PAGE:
Lecture16 - BIOL 361 Final Exam Friday April 24th...

Info iconThis preview shows pages 1–9. Sign up to view the full content.

View Full Document Right Arrow Icon
BIOL 361 Final Exam Friday April 24 th 12:30 -3:00 pm in PAC 11,12 Duration = 2.5 hours
Background image of page 1

Info iconThis preview has intentionally blurred sections. Sign up to view the full version.

View Full DocumentRight Arrow Icon
Lecture 16: Categorical Data Analysis II (Two-Way Designs - Contingency Tables) Sources of Information Triola: Chapter 10 Motulsky: Chapters 26-29 Sokal & Rohlf: Chapter 17 Dytham: p. 60-64, 147-154 OUTLINE : 1. 1-Way GOF test - Intrinsic hypothesis 2. 2 x 2 Contingency Tables 3. R x C Contingency Tables
Background image of page 2
• So far, for our examples the expected frequencies were determined on the basis of some extrinsic hypothesis – balanced sex ratio (based on chromosome sorting during meiosis) or phenotype frequencies followed expectations based on principles of Mendelian genetics, etc. • Sometimes, no a-priori basis for expected frequencies • Instead, parameters are estimated from the data themselves • Most common in GOF testing involving statistical distributions. 1-Way GOF Tests for Intrinsic Hypotheses
Background image of page 3

Info iconThis preview has intentionally blurred sections. Sign up to view the full version.

View Full DocumentRight Arrow Icon
Houseflies, when at rest, fold their wings over their abdomen. A student determined that this behavior was consistent in individual flies – they always had the left wing over the right wing, or vice versa. That is, flies exhibit “wingedness” similar to “handedness” in humans. Q: The student wanted to determine whether the distribution of wingedness in a laboratory colony was binomially distributed. Example (Intrinsic Hypothesis, Binomial data) :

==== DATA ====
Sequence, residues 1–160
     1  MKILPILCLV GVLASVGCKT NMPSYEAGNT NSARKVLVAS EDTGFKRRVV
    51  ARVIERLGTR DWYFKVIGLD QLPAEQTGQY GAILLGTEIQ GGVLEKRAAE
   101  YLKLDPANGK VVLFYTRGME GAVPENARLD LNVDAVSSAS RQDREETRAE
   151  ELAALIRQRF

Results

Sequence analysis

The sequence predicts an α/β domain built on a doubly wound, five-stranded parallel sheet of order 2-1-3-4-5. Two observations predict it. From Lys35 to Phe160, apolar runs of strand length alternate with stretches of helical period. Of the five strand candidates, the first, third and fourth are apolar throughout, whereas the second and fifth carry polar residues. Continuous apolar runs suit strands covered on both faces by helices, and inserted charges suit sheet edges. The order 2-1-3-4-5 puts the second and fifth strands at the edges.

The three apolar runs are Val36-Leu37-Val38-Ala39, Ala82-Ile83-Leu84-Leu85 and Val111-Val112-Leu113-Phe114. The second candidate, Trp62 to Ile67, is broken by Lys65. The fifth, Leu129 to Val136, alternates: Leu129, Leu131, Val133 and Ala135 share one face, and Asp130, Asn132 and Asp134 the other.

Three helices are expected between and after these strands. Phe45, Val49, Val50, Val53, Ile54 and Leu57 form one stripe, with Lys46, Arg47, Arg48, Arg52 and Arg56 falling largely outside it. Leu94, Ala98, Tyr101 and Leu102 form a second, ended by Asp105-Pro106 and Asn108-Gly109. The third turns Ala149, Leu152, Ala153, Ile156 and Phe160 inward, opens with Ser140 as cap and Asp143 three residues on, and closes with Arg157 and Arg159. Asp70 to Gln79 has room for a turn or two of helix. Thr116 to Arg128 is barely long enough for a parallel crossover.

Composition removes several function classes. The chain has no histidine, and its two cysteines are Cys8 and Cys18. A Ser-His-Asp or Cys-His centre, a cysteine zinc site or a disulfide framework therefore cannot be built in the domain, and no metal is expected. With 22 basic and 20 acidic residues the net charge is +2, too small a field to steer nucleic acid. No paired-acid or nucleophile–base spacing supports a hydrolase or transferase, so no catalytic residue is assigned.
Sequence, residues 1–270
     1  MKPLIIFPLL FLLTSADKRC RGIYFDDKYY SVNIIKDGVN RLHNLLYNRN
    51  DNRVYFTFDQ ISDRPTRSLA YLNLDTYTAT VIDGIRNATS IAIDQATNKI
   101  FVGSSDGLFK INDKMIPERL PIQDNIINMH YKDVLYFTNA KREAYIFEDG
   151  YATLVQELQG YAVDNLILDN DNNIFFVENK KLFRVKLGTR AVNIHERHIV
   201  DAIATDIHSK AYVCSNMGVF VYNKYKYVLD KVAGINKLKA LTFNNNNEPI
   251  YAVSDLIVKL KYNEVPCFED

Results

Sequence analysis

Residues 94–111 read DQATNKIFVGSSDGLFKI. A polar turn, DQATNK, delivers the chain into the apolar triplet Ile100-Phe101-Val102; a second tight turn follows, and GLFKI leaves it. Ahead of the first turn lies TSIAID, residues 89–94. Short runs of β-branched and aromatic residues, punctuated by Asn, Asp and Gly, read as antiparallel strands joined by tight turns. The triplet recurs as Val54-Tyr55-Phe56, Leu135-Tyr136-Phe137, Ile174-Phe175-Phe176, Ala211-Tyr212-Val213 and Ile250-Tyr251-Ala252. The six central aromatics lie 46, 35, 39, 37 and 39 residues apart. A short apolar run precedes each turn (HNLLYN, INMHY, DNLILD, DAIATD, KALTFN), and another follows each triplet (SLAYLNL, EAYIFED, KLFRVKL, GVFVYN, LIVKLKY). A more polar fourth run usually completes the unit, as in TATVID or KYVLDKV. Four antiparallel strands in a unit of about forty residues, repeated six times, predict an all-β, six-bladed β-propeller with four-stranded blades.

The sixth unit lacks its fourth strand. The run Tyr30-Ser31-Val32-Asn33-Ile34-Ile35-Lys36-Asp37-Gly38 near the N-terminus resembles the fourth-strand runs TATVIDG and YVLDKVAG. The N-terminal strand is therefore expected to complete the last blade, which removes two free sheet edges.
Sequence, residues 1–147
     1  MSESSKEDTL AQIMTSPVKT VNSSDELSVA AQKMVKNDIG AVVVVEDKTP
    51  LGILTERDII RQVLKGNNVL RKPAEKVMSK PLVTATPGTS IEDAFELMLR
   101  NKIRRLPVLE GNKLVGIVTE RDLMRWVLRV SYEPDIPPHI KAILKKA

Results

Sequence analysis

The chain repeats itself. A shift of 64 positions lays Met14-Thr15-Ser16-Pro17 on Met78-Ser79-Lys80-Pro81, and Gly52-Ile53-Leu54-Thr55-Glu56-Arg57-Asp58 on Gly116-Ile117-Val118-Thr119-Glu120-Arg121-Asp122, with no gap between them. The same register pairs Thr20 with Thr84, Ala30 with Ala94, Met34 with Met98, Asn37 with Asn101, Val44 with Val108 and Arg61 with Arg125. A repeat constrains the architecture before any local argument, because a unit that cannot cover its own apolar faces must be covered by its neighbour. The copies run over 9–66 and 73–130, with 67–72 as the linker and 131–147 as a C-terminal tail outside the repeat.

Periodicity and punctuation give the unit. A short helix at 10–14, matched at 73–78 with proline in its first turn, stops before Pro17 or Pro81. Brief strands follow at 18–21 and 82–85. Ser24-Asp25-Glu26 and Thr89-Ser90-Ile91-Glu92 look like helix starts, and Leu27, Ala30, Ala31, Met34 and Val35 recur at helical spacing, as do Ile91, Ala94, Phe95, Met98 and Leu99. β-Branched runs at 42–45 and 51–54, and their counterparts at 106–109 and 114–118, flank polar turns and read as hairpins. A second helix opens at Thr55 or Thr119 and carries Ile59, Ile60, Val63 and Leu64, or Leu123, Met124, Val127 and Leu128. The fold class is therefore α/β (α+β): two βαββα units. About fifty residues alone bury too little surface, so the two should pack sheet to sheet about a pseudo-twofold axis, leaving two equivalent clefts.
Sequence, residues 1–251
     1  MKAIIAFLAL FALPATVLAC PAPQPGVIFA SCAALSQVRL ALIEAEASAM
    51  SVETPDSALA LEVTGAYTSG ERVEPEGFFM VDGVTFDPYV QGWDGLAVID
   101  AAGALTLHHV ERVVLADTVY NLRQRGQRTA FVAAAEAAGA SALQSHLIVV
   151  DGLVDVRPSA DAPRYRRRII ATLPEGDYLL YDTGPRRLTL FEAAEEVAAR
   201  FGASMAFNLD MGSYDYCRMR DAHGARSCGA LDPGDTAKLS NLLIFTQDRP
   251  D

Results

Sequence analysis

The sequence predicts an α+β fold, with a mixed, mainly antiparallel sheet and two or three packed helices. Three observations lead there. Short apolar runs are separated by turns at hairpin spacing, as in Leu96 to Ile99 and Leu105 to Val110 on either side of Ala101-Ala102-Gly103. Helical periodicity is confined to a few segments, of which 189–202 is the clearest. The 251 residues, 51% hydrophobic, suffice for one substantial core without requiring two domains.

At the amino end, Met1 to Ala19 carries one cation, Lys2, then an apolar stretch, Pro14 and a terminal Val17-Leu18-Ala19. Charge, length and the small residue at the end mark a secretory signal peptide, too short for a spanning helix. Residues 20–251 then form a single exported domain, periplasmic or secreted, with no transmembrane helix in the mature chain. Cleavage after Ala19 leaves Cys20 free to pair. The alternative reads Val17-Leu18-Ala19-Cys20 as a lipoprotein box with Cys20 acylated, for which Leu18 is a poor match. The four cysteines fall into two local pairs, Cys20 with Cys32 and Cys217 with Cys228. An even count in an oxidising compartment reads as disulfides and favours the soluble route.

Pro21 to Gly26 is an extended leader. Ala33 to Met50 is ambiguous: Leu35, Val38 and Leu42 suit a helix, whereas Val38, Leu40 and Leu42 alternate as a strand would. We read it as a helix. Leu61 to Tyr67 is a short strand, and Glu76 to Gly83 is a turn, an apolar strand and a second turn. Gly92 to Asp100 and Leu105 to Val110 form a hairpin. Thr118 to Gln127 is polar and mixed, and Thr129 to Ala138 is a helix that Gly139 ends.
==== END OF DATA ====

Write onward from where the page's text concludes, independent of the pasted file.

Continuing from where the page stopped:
Background image of page 4
Left wing over right Frequency 0 out of 8 42 15 2 23 8 31 2 44 50 62 70 80 To fit a binomial distribution to these data, we need an estimate of p , the population proportion of left-winged flies. Since there is no a-priori biological rationale for specifying p , we estimate it from the data Æ intrinsic parameter estimates for the model She examined 150 random samples, each of 8 flies. Results :
Background image of page 5

Info iconThis preview has intentionally blurred sections. Sign up to view the full version.

View Full DocumentRight Arrow Icon
Can compute that p = 0.16 (= proportion who are left ‘winged’). Then, can use p = 0.16 and the binomial distribution to compute the expected frequencies. Doing this we get the following table. But, to avoid cells with unacceptably small frequencies (< 5), we pool adjacent cells. Summing the individual chi-square values for each cell yields χ 2 = 2.4048. The degrees of freedom are not k -1 (5-1 = 4), as you might expect, but rather k- 2 (5 -1-1 = 3). Left Winged Observed frequency Expected Frequency χ 2 0 42 37.1814 0.6246 1 52 56.6753 0.3828 2 38 37.7716 0.0014 3 12 14.3892 0.3967 4+ 6 4.006 0.9993
Background image of page 6
Reason for the loss of an additional degree of freedom • we used the data to estimate p , the binomial parameter. • Every parameter that is estimated costs you a degree of freedom. • We don’t lose a degree of freedom for q (the proportion of flies that are ‘right winged’) because once p is known, q is automatically determined.
Background image of page 7

Info iconThis preview has intentionally blurred sections. Sign up to view the full version.

View Full DocumentRight Arrow Icon
Nominal Data: 2-way Designs (= Contingency Tables) So far, • considered one variable at a time Æ 1-way GOF tests • data could been presented in 1-way frequency tables Æ Observed data (values & categories) could be listed in a single row or column.
Background image of page 8
Image of page 9
This is the end of the preview. Sign up to access the rest of the document.

This note was uploaded on 07/10/2010 for the course BIOL 361 taught by Professor Hall during the Winter '08 term at Waterloo.

Page1 / 36

Lecture16 - BIOL 361 Final Exam Friday April 24th...

This preview shows document pages 1 - 9. Sign up to view the full document.

View Full Document Right Arrow Icon
Ask a homework question - tutors are online